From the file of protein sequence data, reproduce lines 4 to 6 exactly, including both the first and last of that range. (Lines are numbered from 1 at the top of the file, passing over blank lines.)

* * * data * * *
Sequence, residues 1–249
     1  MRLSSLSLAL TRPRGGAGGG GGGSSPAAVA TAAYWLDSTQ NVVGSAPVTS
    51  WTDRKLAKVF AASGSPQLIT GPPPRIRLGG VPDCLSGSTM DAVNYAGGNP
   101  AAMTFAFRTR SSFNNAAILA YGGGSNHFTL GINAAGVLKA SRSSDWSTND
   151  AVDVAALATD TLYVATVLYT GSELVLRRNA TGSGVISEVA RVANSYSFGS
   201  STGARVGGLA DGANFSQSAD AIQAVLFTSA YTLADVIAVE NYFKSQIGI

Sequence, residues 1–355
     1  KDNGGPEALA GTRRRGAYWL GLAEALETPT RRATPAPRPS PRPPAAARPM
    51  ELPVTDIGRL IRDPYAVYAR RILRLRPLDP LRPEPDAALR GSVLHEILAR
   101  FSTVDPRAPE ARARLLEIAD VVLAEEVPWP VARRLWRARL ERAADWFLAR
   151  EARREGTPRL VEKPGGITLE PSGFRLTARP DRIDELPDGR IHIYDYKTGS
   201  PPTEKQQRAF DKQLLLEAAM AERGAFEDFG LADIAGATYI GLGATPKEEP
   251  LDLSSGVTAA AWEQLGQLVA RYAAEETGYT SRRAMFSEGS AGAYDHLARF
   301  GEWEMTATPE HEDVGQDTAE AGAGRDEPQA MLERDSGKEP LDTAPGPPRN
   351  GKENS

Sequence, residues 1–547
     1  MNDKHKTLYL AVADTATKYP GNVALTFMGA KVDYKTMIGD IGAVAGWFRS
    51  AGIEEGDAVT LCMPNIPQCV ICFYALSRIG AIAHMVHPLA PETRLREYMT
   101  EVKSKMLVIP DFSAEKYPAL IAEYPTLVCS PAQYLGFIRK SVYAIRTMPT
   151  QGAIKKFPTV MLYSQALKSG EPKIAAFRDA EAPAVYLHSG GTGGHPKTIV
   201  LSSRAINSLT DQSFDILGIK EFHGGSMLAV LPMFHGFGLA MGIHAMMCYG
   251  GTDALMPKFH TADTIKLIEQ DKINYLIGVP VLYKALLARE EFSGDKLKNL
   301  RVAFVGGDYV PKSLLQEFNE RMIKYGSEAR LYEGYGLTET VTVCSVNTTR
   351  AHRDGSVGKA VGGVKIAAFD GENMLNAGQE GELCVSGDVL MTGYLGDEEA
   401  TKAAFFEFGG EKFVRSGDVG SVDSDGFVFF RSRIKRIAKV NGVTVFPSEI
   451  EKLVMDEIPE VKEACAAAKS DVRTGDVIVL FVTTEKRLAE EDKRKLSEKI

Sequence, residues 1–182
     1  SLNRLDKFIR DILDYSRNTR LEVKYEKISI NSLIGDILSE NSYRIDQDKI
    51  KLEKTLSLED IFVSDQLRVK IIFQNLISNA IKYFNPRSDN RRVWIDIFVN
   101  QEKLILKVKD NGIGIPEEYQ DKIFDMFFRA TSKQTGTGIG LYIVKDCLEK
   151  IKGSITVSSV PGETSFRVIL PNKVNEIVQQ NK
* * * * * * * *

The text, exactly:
   101  AAMTFAFRTR SSFNNAAILA YGGGSNHFTL GINAAGVLKA SRSSDWSTND
   151  AVDVAALATD TLYVATVLYT GSELVLRRNA TGSGVISEVA RVANSYSFGS
   201  STGARVGGLA DGANFSQSAD AIQAVLFTSA YTLADVIAVE NYFKSQIGI